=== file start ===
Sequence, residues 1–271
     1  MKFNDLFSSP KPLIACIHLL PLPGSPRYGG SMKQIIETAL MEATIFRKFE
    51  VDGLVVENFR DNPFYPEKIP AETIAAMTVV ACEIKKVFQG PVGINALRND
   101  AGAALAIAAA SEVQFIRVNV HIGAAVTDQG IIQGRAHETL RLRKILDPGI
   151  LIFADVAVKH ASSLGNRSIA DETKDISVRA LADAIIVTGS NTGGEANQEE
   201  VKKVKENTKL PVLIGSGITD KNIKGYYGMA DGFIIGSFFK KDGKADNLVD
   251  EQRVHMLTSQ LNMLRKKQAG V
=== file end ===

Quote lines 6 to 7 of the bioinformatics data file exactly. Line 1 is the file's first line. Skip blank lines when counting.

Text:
   201  VKKVKENTKL PVLIGSGITD KNIKGYYGMA DGFIIGSFFK KDGKADNLVD
   251  EQRVHMLTSQ LNMLRKKQAG V